Until Overstock began its price war with Amazon in late July, the companay and its CEO Patrick M. Byrne had kept a relatively low profile in the book business. But the Stanford Ph.D. and Marshall scholar at Cambridge University has popped up in other news this year. In January, he was arrested for carrying a concealed and loaded gun in a carry-on bag at Salt Lake City airport. On July 27 he appeared in a full-page ad in the Wall Street Journal, where he “congratulated” Steven A. Cohen on the indictment of several employees of his SAC Capital Advisors hedge fund by federal prosecutors. Although Byrne has likened Cohen to a Sith Lord, a villain from Star Wars, in a phone interview with Publishers Weekly he reserved his animosity for a different villain—Amazon, which he labeled “the evil empire.”

Just days before that WSJ ad, Byrne took on Amazon in the category where the mega e-tailer began and announced that between July 22 and July 31, Overstock was pricing its print books at least 10% below Amazon. “We’re having a great year and want to thank our loyal customers for making it happen,” said Byrne in a press release, referring to the company’s recently released second-quarter figures, in which revenue was up 22%, to $293 million, compared to the same quarter last year. Byrne told PW that the company changed its prices on 360,000 books, and that Amazon dropped theirs in response on 6,000 bestsellers (a number that Amazon had not confirmed at press time). The two then continued to change prices, with Amazon meeting many of Overstock’s deep discounts of 55% and higher.

Byrne called the timing of the price war on p-books, shortly after the verdict against Apple in the government’s e-book price-fixing lawsuit against Apple, “coincidental.” He chose books over some of the 14-year-old company’s most popular areas, like home, jewelry, and apparel, because, he said, “our customers have an appetite for books. It’s one of our smaller categories, [but] our good customers like it. And it’s been growing. We sell in the millions of dollars in books.”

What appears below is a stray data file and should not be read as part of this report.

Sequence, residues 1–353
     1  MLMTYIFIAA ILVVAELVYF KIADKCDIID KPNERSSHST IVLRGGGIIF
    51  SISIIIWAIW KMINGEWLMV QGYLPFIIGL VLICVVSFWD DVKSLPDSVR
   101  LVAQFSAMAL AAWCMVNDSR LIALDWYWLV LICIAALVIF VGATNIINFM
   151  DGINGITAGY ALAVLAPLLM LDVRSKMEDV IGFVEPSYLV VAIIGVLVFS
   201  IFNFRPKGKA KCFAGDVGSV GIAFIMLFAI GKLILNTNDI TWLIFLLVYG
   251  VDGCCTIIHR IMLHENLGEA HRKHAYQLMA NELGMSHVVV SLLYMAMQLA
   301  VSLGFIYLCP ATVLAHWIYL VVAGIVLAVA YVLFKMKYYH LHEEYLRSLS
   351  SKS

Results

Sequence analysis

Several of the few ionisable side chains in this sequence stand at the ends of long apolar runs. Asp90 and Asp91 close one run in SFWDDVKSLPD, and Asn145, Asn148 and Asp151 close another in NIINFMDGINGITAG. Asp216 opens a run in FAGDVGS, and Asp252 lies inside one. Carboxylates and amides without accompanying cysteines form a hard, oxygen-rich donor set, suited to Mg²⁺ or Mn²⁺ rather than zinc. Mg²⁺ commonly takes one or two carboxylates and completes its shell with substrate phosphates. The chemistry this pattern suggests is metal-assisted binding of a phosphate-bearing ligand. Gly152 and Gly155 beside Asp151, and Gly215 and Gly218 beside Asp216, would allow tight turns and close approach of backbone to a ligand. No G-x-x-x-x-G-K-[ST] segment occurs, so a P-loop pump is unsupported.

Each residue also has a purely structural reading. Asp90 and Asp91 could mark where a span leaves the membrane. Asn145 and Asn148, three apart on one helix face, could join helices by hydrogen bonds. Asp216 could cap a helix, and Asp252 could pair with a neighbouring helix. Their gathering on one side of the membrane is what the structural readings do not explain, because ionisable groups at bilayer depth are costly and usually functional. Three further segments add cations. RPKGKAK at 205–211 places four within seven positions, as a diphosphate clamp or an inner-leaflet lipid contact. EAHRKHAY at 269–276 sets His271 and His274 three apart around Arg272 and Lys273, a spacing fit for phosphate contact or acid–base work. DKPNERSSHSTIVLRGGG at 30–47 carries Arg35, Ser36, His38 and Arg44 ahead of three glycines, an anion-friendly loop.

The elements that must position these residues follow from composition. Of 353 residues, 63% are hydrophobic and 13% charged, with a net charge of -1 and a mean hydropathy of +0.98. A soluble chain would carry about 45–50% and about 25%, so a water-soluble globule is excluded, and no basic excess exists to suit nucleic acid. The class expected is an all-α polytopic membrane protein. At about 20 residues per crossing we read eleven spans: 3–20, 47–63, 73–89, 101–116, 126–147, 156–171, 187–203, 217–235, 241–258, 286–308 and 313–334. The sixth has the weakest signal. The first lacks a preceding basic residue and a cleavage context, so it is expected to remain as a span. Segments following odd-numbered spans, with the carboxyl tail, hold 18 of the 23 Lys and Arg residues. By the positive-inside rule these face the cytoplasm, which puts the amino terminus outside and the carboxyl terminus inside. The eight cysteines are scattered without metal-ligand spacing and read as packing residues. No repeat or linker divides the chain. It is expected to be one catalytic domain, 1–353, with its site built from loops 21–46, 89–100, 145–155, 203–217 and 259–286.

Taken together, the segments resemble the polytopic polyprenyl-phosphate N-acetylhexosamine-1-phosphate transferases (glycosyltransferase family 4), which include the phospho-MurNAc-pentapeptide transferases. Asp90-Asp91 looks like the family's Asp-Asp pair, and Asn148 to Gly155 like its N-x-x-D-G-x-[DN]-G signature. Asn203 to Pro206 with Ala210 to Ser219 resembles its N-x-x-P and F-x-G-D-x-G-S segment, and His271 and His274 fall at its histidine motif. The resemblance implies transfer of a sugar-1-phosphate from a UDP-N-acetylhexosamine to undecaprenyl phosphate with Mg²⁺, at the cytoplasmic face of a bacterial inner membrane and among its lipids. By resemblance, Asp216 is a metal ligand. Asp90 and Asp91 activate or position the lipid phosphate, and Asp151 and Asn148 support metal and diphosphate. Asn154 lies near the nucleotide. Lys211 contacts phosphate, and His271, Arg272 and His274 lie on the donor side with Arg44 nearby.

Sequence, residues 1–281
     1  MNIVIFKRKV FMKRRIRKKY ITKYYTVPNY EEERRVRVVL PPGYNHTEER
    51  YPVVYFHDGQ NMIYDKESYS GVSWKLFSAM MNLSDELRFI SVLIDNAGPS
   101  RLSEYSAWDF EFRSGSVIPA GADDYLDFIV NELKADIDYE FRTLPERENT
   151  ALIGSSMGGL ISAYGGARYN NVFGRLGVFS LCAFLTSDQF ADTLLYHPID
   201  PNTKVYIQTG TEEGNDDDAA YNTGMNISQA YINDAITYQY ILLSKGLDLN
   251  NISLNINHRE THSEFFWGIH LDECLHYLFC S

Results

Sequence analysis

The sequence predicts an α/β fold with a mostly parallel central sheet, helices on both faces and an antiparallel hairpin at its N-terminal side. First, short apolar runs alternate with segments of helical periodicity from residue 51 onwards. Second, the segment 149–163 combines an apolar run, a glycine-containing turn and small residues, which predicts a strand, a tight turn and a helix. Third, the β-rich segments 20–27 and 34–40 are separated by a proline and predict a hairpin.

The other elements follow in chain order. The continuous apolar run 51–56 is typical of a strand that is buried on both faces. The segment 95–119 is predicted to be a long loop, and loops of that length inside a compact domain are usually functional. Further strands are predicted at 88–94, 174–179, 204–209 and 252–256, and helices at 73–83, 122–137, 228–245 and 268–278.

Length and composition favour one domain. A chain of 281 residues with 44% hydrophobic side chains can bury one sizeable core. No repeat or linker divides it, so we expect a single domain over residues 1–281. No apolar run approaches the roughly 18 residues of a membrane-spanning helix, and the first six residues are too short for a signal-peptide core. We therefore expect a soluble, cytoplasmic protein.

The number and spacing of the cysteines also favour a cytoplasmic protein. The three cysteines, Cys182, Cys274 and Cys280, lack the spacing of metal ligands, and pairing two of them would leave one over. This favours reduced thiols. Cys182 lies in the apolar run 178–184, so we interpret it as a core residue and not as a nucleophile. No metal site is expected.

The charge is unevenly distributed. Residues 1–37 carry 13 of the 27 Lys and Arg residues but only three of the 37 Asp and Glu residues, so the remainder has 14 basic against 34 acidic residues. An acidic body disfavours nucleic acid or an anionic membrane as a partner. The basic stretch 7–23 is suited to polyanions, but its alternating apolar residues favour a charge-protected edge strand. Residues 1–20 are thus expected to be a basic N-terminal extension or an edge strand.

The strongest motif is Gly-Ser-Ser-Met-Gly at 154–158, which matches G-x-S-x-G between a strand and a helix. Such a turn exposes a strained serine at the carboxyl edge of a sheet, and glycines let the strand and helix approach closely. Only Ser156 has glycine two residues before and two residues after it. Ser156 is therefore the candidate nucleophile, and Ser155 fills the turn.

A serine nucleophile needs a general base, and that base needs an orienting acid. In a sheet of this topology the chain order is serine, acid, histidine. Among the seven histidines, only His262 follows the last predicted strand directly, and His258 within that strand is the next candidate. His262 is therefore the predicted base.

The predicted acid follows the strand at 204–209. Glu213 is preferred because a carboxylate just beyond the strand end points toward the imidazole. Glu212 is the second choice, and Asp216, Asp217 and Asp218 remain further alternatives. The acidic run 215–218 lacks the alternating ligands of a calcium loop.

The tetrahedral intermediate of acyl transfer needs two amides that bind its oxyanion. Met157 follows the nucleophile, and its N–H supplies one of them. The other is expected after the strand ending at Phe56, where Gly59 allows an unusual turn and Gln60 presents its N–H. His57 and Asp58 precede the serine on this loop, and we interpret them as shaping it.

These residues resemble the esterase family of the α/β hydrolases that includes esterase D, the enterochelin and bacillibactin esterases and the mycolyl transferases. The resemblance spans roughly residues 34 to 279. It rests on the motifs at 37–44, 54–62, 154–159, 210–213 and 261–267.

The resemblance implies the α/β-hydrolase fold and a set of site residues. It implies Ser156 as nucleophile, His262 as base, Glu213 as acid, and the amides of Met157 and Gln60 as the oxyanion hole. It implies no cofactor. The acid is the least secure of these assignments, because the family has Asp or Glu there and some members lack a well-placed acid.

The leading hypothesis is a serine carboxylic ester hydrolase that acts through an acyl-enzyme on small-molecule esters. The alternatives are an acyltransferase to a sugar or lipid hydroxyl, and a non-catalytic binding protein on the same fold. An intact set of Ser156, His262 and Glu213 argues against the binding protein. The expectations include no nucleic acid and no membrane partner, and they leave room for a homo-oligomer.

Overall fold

Even with several hundred thousand titles to Amazon’s millions, Byrne claimed that Overstock has 95% of the books people are looking for. “We definitely have all the mainstream titles,” said Byrne, who would like to see publishers bring him their overstock to liquidate. If they would do that, he said, Overstock could increase its book business a hundredfold. He said people go to Overstock not only for bestsellers but to look for bargains on other titles. “For 10 years, we’ve been trying to get publishers to see the light.”

If publishers prefer to pulp excess inventory or sell it to buyers other than Overstock, they might be surprised to learn that Byrne views his company as the online alternative to Amazon. Similarly, independent booksellers, who could become collateral damage in a protracted pricing war, might also have trouble seeing Byrne’s point that Overstock’s book discounting is a blow against Amazon’s “monopsonistic” practices. (Note: a monopsony is when business dictates terms to its suppliers, distinguishing it from a monopoly, which is a dictation of terms to buyers.) “We’re not the enemy. I think of ourselves as going out to slay a dragon,” said Byrne. “I’ve always loved independent booksellers. My fantasy is to form a consortium with independent booksellers so that we can synthetically create what Walmart offers. This is what the gods of economics want to see happen.” In this scenario, a customer could order an item from Overstock and pick it up at an independent bookseller in a particular community and function much like Amazon lockers at 7-11 stores. That would give indies, said Byrne, “the brick-and-click charm of Walmart, Target, and Amazon.”

As to what’s next, Byrne intends to review the company’s book-discounting decision, which has already been extended for a second week, weekly. Also on the docket are three proposals for Overstock to move into e-books. The company flirted with them briefly through an announced partnership with Barnes & Noble in late 2011. The agreement dissolved, according to Byrne, because the customer had to leave Overstock’s site to complete the transaction. Under a new e-book program, which could launch as early as the fourth quarter of 2013 but more likely in January 2014, the sale would be made on Overstock.com. As for digital readers, Byrne has no intention of entering that market, but Overstock does continue to carry Nook and Kindle cases and covers.

Byrne as Translator

In addition to his other credits, Byrne is also a translator. With an undergraduate degree in Asian studies from Dartmouth and a certification from Beijing Teachers University, Byrne served as the translator of the Square One Publishers edition of Lao Tzu’s Tao Te Ching: The Way of Virtue.

Square One founder Rudy Shur said Tao Te Ching was one of the first books he acquired when he started the company in 2000 and that it continues to be a steady seller for the house.